One afternoon, a bit ago at the ripe age of 28, I found myself on multiple floors of Barney’s New York. I was on a quest for the perfect cashmere turtleneck sweater, mock beret, Italian leather shoes and a clever pants suit. Although that perfect suit was not uncovered and the shoes were too tight, several dress shirts, the sweater, beret and a few accessories were carried out through those huge double doors. Unfortunately, only the beret was for me. The shopping spree, a sartorialist’s delight was initiated by, orchestrated by and purely for the benefit of my then boyfriend. I brushed off his fashion-narcissistic tendencies to the onset of a midlife crisis (he was in his earlier 40’s, sitting in an age chair similar to the one my tush is parked in now). He was also a New Yorker, born and raised, so perhaps in a way, much like Anderson Cooper, style and fashion ran in his family.
As with most boyfriends in one’s 20’s, his tenure was brief, however the concept of trendy menswear and his amazement in it continued to perplex me. As I watched the recent Fall 2018 (because in fashion, the time is always ahead, much like time zones in Asia) menswear collections, I wondered, “Who are these men?” Not the models per se (ok so maybe a few caught my eye), but rather, what man aside from my ex, fashion industry guys and metrosexuals would find any of this interesting, much less applicable to them?
While the exact data escapes me, scientific studies have shown that although men are a) typically more vain than women (biceps and Rogaine, need I say more), they b) view clothes and dressing as practical investments that denote power, respectability and quality (stupid too-long red ties). For men it would seem that fashion, beyond bespoke tailoring, hand-stitching and flash ties, doesn’t really enter into the equation. What they are after is sustainable utilitarian apparel.
So how is it that menswear is emerging on and off the runway? Designer’s have simply turned their ability to tell a story (a fashion/color/lifestyle story) that men relate to and ultimately , literally and figuratively, buy into. Christopher Bailey’s 2017 collection for Burberry embodied the teenage image of the “proper punk meets Romeo and raids Andre Breton's closet” – an attitude that is appealing to men on both sides of the pond. Mind you, if my lover showed up in one of these poetic cableknit sweaters, I'd have to wonder if period-piece role play was our new date night.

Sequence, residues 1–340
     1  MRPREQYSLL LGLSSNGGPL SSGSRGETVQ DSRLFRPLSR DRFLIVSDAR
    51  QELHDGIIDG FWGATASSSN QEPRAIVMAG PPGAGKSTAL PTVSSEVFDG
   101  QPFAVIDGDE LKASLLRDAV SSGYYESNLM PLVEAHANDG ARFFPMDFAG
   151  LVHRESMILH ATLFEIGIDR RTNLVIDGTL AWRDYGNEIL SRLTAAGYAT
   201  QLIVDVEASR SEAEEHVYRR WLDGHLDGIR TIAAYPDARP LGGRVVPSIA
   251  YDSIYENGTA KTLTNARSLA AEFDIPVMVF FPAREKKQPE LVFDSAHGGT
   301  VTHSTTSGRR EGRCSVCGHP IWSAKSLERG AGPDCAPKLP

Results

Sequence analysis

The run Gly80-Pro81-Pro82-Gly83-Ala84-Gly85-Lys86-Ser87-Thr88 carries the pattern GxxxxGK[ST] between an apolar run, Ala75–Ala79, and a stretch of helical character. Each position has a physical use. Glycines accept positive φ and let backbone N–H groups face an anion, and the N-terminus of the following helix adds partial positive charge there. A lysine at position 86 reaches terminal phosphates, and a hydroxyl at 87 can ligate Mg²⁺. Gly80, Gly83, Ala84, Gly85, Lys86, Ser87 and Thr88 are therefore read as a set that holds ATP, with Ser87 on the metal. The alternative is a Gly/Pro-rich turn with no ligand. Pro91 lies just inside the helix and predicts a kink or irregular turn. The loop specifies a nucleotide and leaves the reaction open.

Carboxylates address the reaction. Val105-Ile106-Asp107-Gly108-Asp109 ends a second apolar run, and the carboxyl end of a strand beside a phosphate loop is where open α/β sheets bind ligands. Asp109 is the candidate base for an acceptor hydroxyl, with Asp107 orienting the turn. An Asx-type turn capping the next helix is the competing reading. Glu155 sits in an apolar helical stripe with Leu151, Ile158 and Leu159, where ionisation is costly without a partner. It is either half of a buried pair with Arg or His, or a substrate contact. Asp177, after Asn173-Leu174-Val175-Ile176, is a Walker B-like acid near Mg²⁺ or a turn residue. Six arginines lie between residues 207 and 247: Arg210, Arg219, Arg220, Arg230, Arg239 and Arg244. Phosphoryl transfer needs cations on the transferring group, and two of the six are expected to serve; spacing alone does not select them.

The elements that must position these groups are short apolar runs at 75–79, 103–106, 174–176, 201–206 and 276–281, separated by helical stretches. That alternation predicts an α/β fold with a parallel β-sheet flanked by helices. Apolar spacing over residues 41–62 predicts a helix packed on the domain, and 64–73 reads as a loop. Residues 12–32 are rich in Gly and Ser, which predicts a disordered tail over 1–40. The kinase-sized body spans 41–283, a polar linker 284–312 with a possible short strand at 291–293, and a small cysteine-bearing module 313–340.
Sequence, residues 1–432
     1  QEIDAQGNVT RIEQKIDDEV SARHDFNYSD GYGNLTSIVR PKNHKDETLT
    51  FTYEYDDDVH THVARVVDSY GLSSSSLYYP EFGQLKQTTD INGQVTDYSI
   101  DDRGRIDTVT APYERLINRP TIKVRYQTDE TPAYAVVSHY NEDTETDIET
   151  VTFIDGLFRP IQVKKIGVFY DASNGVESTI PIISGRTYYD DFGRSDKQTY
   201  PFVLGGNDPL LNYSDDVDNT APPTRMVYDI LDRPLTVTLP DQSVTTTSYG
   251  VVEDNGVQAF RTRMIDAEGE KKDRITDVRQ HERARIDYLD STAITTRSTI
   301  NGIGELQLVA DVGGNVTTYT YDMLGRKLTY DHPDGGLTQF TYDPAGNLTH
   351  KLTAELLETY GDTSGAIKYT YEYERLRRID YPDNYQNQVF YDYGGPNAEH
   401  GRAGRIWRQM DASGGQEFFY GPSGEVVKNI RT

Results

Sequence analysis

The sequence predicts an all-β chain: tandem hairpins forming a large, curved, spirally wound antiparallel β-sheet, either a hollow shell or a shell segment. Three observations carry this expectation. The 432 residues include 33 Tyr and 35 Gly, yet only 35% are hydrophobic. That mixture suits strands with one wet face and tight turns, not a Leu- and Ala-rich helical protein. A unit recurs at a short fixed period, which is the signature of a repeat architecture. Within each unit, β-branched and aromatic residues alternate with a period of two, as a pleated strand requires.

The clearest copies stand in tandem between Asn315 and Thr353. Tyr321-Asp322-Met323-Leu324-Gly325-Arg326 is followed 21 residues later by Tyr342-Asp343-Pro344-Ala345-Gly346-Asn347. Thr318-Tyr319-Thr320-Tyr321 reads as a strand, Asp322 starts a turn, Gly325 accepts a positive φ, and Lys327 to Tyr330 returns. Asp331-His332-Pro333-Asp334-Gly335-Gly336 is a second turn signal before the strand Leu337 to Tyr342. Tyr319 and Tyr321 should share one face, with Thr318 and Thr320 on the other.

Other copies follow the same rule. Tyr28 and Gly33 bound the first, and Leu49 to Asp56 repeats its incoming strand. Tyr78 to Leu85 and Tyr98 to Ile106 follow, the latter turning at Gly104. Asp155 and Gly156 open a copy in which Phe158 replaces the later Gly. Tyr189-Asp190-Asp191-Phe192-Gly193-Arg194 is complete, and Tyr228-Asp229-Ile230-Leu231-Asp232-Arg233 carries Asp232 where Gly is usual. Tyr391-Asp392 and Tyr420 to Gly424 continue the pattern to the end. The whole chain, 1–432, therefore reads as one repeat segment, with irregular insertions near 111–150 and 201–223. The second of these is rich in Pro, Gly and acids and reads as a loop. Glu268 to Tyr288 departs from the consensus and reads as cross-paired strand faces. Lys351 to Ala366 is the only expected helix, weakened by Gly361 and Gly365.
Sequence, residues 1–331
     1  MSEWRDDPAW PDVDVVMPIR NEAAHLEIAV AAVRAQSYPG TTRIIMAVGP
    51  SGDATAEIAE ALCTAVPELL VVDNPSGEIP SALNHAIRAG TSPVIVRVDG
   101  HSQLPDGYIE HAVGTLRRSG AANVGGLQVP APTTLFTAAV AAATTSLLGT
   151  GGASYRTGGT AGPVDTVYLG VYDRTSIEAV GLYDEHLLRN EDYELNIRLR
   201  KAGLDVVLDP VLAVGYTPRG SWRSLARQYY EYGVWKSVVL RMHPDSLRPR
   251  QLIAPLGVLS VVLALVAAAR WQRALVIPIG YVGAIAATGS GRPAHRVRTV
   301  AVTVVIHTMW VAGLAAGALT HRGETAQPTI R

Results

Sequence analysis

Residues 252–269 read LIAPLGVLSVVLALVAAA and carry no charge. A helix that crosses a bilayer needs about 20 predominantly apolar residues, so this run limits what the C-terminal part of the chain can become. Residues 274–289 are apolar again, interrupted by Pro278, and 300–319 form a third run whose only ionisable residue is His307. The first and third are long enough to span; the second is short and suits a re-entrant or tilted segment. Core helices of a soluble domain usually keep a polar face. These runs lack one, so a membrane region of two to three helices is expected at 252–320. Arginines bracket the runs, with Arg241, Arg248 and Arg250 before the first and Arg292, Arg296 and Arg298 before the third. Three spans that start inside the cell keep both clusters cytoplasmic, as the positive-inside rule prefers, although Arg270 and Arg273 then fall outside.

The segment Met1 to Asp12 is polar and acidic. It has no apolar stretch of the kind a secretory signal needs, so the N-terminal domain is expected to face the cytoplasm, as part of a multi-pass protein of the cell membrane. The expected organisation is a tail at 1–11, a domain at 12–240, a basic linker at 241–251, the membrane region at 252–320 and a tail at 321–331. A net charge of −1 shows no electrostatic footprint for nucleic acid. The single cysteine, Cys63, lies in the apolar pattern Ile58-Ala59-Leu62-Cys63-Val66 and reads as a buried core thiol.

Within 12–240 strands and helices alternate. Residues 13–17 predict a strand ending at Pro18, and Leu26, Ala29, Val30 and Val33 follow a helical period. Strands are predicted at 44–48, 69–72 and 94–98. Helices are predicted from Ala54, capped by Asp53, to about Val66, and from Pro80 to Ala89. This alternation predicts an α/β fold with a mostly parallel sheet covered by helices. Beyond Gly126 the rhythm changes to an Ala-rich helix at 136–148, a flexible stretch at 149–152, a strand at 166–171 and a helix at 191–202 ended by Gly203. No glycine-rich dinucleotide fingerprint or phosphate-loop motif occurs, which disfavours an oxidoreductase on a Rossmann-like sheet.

The poshness of the expert tailoring was toned-downed by the subtle romantic spirit. Prada offered masculine prints, shorts and trekking-inspired jackets that reminded me of Jude Law in The Talented Mr. Ripely off the grid– handsome, playfully dorky yet elegant and a bit, well homesteady.
While it would seem that as women downsize and dive deep into a delicious closet purge, men are swaying in the opposite direction; away from uniform dressing and capsule wardrobes and into the juicy richness of fashion possibilities. In reality, they are mostly upping their regular game and adding creative and conscious value into their investment essentials. This manifests in Benefit Corp socks, hemp tees (that cost $50 a pop) and ethically made jeans that make their butts look almost as good as mine.
As men are striving to upgrade their business casual wear, they are turning to color and texture (i.e. pink cashmere sweaters or snakeskin belts) and inconspicuous socially responsible status symbols and progressive conversation pieces. Also men, except for Burburry Shakespeare sweater wearers, tend to like clothing simple and purposeful. Take socks for instance, they are the new tie (because ties are kinda passe) and they offer the perfectly convenient opportunity to push the fashion and conscious envelope. Conscious Step has colorful, fanciful or sharp sock collections that treat HIV patients, support literacy in Asia, provide water and plant trees. If only they could take out the trash and end mansplaining.
No Nasties (marketable to men or moms of messy boys), has a line of slim organic cotton button-down shirts that beg to be borrowed. The India based company's packaging is also green - no plastic and made of recycled paper. A far cry from that ex's Barneys bag. They also have a bromance Toms-esque "buy one, give one free" promotion (the extra tee is a gift for your guy's bud, or maybe for you to use as a nightshirt). Indosol has a groovy flipflop made of recycled tyre, that whispers adult man and not college kid on spring break in Baja. And my fave, coz I do like a man who pays attention to details, The Oxfam Shop Australia makes these stylish bicycle chain cufflinks. Vey cool and green-chic smart hot!
If however, I had to endure another menswear-only shopping excursion, I’d hope my shopping companion would carry out a few pieces Huckleberry and Apolis. These looks are masculine, powerful, retro, and sophisticated. The new menswear image is symbolic of the “everyman” fashion fantasy (travel, sporty and socially awake) and reality (luxurious, well-tailored, wearable). And a ton of swagger.